1

Not sure how to properly word that for a title, but essentially, what I mean is quite often we get people who come here, ask a question, receive answers (in some cases even accepting one) and then disappear.

In some cases, this is fine, but sometimes it would be helpful to know if the answers actually helped the user in question.

For example, if someone asked for a clarification on how to answer certain questions on the form for UK visit visas, and got an answer, it could be helpful to know if it worked out for them in the end.

Perhaps the powers that be could implement a system that sends an email out to users periodically reminding them to chose an answer (at the least) and maybe even to leave feedback on how helpful/accurate the advice actually was.

2

People come to TSE to ask a visa type of question and then disappear. Sometimes they show up weeks or months later, sometimes not. Sometimes they take the question to another site and I have seen it happen enough times to believe it's standard OP behaviour.

Sometimes the OP shotguns their question into a dozen sites and loses track of where they are. They show up the next day and ask the same question because they didn't keep notes of where they asked. Visa questions are always EMOTIVE and do not have the same trajectory as someone asking (for example) how to reach the base camp at Mount Everest.

The abandon rate in TSE is appalling. I don't know how many answers get the 'acceptance' check mark, but I bet it's the lowest in the whole SO framework.

The TSE ecosystem rewards good answers by community votes and that's that. OP abandonment behaviour is part of WHAT IS and I don't see any sort of software mechanism changing it.

In some cases, this is fine, but sometimes it would be helpful to know if the answers actually helped the user in question.

It may seem presumptive, but we already know it worked out OK. Or it would have worked out OK if they actually used the answer.

For example, if someone asked for a clarification on how to answer certain questions on the form for UK visit visas, and got an answer, it could be helpful to know if it worked out for them in the end.

Again, you have to trust that they got good info. Whether they used it or not or whether another site gave a different answer they liked more or whether the OP decided not to fill out the form at all... All of those things are irrelevant. We did the best we could, the community voted, and end of story.

Perhaps the powers that be could implement a system that sends an email out to users periodically reminding them to chose an answer (at the least) and maybe even to leave feedback on how helpful/accurate the advice actually was.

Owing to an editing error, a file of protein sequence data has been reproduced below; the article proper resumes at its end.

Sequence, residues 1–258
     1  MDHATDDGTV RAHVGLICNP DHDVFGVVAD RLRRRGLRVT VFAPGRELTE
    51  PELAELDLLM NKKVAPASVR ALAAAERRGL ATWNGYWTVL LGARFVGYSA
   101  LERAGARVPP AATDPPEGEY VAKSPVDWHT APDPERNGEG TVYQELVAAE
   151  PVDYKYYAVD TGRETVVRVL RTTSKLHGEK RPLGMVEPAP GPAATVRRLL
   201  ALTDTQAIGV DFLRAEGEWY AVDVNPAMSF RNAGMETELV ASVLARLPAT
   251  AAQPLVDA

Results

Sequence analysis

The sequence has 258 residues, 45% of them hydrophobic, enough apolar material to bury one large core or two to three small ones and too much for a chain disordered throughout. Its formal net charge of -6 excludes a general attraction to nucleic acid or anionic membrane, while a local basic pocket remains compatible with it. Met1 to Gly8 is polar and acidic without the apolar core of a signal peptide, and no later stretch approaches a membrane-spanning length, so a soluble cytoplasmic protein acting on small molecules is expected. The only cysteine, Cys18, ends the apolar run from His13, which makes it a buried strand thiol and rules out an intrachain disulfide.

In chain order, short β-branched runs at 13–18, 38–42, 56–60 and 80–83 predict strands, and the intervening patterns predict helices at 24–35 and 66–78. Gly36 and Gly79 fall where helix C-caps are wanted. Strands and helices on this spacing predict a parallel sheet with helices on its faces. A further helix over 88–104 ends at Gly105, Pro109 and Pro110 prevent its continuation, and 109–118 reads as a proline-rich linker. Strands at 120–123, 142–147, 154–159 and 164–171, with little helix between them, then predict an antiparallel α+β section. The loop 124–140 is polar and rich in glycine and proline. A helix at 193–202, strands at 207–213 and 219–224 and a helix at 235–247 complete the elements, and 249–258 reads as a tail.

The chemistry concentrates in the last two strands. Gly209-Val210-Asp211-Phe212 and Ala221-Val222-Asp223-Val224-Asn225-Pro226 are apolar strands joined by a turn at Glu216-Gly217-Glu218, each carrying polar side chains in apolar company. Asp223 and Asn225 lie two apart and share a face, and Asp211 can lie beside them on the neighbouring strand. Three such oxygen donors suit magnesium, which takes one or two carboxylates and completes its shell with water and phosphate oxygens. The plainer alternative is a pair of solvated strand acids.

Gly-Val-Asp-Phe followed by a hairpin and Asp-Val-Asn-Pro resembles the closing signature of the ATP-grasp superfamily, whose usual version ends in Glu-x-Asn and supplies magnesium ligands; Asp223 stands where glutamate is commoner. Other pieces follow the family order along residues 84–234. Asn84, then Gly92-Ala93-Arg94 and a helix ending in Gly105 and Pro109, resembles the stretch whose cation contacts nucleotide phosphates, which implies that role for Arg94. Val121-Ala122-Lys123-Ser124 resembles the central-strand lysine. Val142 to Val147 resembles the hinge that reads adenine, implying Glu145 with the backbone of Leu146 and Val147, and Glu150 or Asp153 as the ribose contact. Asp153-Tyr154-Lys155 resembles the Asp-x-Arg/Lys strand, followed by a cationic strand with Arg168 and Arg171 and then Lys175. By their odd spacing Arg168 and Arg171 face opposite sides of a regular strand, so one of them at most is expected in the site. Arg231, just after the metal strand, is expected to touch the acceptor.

I respectfully disagree. We are not Amazon sending out follow-up emails every two seconds. Visa questions are EMOTIVE and personal; postmortems are unnecessarily intrusive.

On the other side, we should be a whole lot more aggressive in marking duplicates.

  • 2
    The acceptance rate for visas is indeed on the low side. The median acceptance rate is 27%, but for visas it's 22%: data.stackexchange.com/travel/query/630384/…. It is even lower for visa-refusals (20%). – JonathanReez Feb 20 '17 at 13:31
  • 2
    For comparison, on Stackoverflow the median acceptance rate is 35%: data.stackexchange.com/stackoverflow/query/630385/… – JonathanReez Feb 20 '17 at 13:34
  • @pnuts, no I specifically checked out the median value :) However it's calculated for tags with at least 100 answers (1000 for Stackoverflow) so outliers are not included. – JonathanReez Feb 22 '17 at 23:46
  • @pnuts my goal was to show that Gayot was right and our acceptance rates are indeed lower than site average, especially for visa questions, and I think that point stands. Whatever is the precise acceptance rate is not important. – JonathanReez Feb 23 '17 at 0:01
  • The acceptance rate from OP's is toilet. That's it and all about it. – Gayot Fow Feb 23 '17 at 3:03
1

If necessary you can always ping the person who asked the question (by posting a comment on their post). If they're still active anywhere on the StackExchange community they will come back and give an answer.

Otherwise I don't think it's necessary to implement an 'email ping' functionality - it would mostly be useful to Travel.SE and Expats.SE, so the usefulness is of limited scope.

You must log in to answer this question.

Not the answer you're looking for? Browse other questions tagged .